Huge sighs of relief all round – well, except from Putin obviously – as Biden’s administration has finally and at long last given clearance for Denmark and Netherlands to donate their retired F-16s to Ukraine.
Zelensky has been asking for them for well over a year now and the US has finally relented. Why it has taken so long remains a mystery to most, and the claimed fear that their release would lead to an escalation in the conflict just doesn’t wash. The timidity of US politicians is the main reason.
That said, now it’s been decided we need to move on quickly. Not so easy as it sounds, however, because there are a number of barriers to overcome before the F-16s are in action in Ukrainian colours.
First and most important of all is the question of pilots to fly them. Much was made in the past of how long it would take to train the Ukrainians, but of course these pilots will not be staring from scratch. They already know how to fly, so it’s more of a conversion course for them.
The main problem seems to be that only a few of them, possibly only eight, are deemed to have the required level of proficiency in English to take the course. So others are now on their way to the UK to do language training as a prerequisite.
It would appear that the actually flying training will be done in Denmark, and after completion both pilots and ‘planes will make their way to Ukraine. Denmark is thought to have about 30 F-16s due to be replaced by the next generation F-35s, and the Dutch will do likewise with their 24 operational ones, so possibly as many as 50 F-16 initially might equip the Ukrainian air force.
What the UkrAF will get is an aircraft which is considerably more capable than most of its current inventory. It is a single-engine, supersonic, multi-role jet fighter which can carry a variety of ordnance and mission pods. Since first introduced to the US air force in 1978 it has been adopted by some 25 other users around the world. Around 4,600 have been manufactured to date and it has been continuously upgraded throughout its career.
The pilots and airframes are just the tip of the iceberg though. Questions remain as to what weapons and mission modules will be supplied with the aircraft. The west will not be keen for its latest systems to fall into Russian hands when the inevitable losses ensue, so there may be an element of stripping out the most sensitive technologies as we have already seen with main battle tanks supplied to Ukraine.
That said, the weapons that accompany the aircraft will be critical to how effective the Ukrainian F-16 fleet might be. They really need some of the west’s more modern long ranged missiles to negate the current Russian advantage here, but the risk of Russian capture and analysis is very real.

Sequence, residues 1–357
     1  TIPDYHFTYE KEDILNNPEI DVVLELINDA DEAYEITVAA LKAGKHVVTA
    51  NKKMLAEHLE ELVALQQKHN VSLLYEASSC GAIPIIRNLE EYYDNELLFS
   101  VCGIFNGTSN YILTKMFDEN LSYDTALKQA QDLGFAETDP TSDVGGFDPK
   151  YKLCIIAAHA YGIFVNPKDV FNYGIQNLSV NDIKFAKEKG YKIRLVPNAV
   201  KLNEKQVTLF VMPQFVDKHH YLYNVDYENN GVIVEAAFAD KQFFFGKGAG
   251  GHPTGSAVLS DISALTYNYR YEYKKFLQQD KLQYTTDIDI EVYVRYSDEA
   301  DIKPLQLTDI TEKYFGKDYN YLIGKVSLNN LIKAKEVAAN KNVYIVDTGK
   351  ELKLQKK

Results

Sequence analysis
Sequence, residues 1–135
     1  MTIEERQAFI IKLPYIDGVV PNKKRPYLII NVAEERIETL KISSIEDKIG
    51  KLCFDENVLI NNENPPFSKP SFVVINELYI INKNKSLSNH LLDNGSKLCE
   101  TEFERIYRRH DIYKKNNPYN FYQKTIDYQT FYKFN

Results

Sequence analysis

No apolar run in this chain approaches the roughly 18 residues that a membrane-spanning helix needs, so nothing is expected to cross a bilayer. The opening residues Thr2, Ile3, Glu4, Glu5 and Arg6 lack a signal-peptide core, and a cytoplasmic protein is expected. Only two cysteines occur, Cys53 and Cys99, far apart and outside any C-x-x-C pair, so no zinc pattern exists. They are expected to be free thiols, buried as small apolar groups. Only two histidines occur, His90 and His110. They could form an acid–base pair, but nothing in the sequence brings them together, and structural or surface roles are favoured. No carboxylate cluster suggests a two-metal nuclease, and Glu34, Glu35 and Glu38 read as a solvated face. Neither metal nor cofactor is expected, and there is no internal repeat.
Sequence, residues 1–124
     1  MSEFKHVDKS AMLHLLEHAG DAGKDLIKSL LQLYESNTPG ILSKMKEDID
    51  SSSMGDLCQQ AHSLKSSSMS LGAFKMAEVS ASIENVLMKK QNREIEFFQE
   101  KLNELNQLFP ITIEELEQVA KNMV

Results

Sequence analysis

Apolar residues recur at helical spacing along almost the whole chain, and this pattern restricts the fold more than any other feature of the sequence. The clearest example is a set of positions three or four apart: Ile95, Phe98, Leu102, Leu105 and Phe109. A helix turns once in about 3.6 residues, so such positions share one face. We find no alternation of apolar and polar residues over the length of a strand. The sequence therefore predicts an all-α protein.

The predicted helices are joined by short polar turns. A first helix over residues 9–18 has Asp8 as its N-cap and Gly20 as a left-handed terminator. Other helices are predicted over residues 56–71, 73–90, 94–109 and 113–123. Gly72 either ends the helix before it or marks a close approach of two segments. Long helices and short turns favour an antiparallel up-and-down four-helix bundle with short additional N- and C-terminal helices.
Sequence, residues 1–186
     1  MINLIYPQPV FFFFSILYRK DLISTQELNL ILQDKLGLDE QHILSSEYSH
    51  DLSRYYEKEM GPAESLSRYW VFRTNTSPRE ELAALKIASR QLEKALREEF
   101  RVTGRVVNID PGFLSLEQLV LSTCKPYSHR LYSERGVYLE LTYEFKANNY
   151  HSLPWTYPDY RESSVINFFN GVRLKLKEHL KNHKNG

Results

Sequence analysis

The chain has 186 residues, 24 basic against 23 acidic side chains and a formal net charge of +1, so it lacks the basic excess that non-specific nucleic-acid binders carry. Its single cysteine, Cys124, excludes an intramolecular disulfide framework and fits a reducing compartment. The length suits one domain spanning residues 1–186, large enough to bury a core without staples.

Then there is the whole infrastructure that has to accompany the airframes – ground crews, maintenance teams, weapons technicians and so on, plus any works necessary to allow the ‘planes to operate from Ukrainian airfields.
The F-16 is a complex aircraft and the ones likely to be donated are quite old. Notwithstanding the urgency of the Ukrainian requirement – they are already at war after all – will take perhaps years to train up the maintainers who can keep the fleet operational.
It is highly likely, therefore, that there will be heavy reliance on civilian contractors to supervise and provide on-the-job training to Ukrainian maintainers in-country, even after all the months of initial training. And those providing such support from the west will no doubt be needed back home to smooth the entry of the F-35s into service.
Plus the aircraft will need to be protected. The F-16 bases which will be set up inside Ukraine will be priority targets for Russian cruise and ballistic missile strikes. Due consideration needs to be given as to how Ukraine might best conserve what will be an important and precious asset.
Against this background it is perhaps unsurprising that the impact of Ukraine’s soon-to-be newest aircraft will not be immediate. Ukraine’s air force spokesman, Yuriy Ihnat, has already admitted that Kyiv would not be able to operate its F-16s this coming autumn and winter. We’ll have to wait until next year to see them in action.
So, whilst undoubtedly welcome, the aircraft are not quite the answer to the maiden’s prayer. What a shame, then, that the US administration wasn’t willing or able to get its act together earlier. The Ukrainians continue to pay for this shameful delay in their own blood.
Lt Col Stuart Crawford is a defence analyst and former army officer. Sign up for his podcasts and newsletters at www.DefenceReview.uk
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